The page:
A month after taking office as the Ambassador of Sweden in Mozambique, Ambassador Mette Sunnergren talks to us about her career, her passion for girls and women´s rights and her perspective on the historical relations between Mozambique and Sweden. Read the full interview below.
A month ago you took on the role of Swedish Ambassador to Mozambique, what are your first impressions of Maputo and the Embassy?
Maputo is a very charming city! I still don't know the city well, but just being at the seaside gives me a feeling of openness to the world. I see a multitude of water and potential and I like that combination. I also appreciate the local cuisine. I have already tasted some dishes, the shrimp which is very well known, I also liked the dishes made with Mozambican beans.
As for the Embassy team, I think it is a very interesting and experienced group. Everyone has great stories to tell and a lot of knowledge in their area of competence. I am very impressed with this! It is a pity that we cannot all be together at the Embassy due to the coronavirus, but I am very much looking forward to having a normal working day at the Embassy when we all return to our jobs and it is possible to get together for a Swedish fika. I am optimistic and eager to start working with all colleagues from the Embassy.
Tell us more about yourself.
I started my professional career in Swedish civil society, where I worked with issues of peace, conflict and development in Latin America. I worked for almost 8 years in three different countries in Latin America.
I also worked with civil society in Sweden, then became a civil servant when I joined the Swedish International Development Agency in 2006. From there I moved to Afghanistan and then to the Democratic Republic of Congo where I led the cooperation team and I was appointed to my first term as Ambassador of Sweden. This is my third term as Ambassador because after having worked in the Democratic Republic of Congo I was also named Ambassador to Sudan, where I worked for 3 years. Most recently, I worked in Zimbabwe as Head of Cooperation at the Swedish Embassy in Harare.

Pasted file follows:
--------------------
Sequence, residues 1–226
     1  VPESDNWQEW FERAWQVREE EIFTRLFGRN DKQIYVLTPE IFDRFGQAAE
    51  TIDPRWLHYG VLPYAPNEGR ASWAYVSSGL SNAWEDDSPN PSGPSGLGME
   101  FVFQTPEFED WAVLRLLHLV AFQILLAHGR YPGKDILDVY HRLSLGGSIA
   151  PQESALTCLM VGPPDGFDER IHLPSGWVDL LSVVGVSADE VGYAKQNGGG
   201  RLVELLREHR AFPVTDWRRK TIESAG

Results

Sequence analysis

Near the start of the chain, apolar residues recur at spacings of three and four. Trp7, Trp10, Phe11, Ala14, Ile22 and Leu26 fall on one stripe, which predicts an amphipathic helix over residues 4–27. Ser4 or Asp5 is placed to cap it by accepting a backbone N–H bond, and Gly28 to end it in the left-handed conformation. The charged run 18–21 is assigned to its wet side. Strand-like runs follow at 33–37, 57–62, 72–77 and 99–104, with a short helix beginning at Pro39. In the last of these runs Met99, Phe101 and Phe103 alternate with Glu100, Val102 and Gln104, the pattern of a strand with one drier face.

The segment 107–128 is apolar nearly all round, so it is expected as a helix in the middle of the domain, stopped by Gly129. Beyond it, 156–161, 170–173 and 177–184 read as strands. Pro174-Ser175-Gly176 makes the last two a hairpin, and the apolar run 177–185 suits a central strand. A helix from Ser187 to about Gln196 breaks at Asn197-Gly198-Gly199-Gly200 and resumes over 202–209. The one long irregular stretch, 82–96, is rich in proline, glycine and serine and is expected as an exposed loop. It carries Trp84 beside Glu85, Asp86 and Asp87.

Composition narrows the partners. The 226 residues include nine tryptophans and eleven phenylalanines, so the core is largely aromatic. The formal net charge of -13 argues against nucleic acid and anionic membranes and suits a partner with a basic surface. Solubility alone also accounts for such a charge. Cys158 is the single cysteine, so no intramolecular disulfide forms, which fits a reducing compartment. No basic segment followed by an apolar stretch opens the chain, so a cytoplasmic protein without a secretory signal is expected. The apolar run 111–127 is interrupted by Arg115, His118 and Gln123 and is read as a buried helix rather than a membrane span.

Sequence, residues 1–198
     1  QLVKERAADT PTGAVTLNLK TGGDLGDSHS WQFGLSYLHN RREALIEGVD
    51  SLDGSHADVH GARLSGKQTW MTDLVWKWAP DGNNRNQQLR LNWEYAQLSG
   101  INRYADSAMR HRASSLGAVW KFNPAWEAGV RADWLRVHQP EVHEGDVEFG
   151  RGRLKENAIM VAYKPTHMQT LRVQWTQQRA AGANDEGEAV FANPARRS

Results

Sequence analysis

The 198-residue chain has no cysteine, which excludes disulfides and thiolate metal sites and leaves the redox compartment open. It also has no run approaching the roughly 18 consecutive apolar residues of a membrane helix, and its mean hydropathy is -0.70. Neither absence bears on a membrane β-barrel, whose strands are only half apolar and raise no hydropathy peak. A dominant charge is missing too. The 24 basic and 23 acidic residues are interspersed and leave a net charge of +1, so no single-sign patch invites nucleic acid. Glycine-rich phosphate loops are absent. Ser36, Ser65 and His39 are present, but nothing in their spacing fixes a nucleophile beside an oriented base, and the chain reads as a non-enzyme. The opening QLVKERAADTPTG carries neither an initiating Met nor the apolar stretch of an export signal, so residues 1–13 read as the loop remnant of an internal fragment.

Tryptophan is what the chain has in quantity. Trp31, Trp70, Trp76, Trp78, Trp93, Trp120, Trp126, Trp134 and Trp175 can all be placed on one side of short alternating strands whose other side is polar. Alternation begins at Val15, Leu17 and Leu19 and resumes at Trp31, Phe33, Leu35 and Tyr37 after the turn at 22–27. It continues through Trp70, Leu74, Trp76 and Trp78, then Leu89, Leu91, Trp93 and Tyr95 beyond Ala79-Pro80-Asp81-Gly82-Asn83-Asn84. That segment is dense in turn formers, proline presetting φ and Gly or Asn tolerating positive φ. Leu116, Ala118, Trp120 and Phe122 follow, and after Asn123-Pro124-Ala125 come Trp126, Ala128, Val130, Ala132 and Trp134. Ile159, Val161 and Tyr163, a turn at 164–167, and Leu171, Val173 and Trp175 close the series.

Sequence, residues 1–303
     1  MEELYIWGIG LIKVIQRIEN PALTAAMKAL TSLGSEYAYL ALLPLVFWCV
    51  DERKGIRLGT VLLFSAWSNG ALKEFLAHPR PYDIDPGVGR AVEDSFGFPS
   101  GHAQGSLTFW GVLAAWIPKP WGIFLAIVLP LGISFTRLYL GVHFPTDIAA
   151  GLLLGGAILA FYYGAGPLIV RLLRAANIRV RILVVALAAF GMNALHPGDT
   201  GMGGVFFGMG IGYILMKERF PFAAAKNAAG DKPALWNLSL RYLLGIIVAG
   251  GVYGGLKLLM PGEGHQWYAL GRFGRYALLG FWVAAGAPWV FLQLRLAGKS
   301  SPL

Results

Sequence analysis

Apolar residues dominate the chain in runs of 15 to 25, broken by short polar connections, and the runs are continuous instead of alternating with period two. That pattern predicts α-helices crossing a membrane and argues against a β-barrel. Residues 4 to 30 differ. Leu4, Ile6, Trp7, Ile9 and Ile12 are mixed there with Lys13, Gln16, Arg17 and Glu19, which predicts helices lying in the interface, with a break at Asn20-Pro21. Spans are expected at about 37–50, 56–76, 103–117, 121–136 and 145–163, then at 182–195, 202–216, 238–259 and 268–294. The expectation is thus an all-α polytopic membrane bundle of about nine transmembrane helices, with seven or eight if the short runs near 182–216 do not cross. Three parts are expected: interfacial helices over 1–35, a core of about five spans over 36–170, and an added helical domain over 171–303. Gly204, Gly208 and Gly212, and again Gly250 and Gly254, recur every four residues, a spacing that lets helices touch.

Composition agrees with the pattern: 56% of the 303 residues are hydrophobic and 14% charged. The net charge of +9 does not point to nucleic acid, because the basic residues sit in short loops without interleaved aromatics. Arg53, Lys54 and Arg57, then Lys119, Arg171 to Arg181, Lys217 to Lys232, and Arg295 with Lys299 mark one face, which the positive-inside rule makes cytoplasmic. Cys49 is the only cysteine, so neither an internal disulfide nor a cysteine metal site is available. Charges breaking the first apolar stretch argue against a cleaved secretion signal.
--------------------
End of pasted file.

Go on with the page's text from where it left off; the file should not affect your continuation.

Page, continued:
I consider myself a person who goes a little where fate takes me, but I also follow what I find interesting. I like to make a difference and I think this has been possible thanks to the job opportunities I had during my professional career.
In my spare time, I like to play tennis, read books, socialize, travel and discover new places.
What are the issues that most interest you?
One of the issues that interests me most, among many others, is peace and the participation of women in peace processes, the rights of girls and women with regard to health and sexual and reproductive rights, gender-based violence and everything that concerns girls, but I am also interested in the education and health care of boys or children in general.
During your professional career, you worked in some countries in conflict. Is there a specific reason for this?
We have to be humble and recognize that there are many actors and experts in all peace processes, but still, I believe that Sweden has an important role to play in these processes and our feminist foreign policy is an important tool that allows us to be a good partner and ensure that women are active actors in the peace process. I believe I was able to achieve this in these situations.
Sweden and Mozambique celebrate 45 years of bilateral relations this year. How do you foresee these relations being further strengthened?
I hope that Mozambique does not need Swedish development cooperation for another 45 years, but I think that, at least for a few more years, we will continue to be a good partner for Mozambique in terms of development cooperation. During our long history of collaboration with Mozambique, Sweden has always been present and is a solid and reliable partner country. I believe that our relationships have the possibility of strengthening even more and that we can continue what we have learned over the years of cooperation.
Describe the relationship between Mozambique and Sweden in three words.
The words that come to mind immediately are long, good and strong.
The Ambassador recently started Portuguese classes, is there a word or expression that you have had difficulty in pronouncing?
I am still at the beginner level but I have given my best and I hope to get there little by little. I have been having difficulties in pronouncing some words that I consider to be quite interesting and important and with which we intend to work, comply and strengthen. One of them is the word "institutions" which I believe is something that should be strengthened in this society and the other is "constitution", an important part of the rules of engagement which is to respect the constitution.
Welcome to Mozambique Ambassador Mette!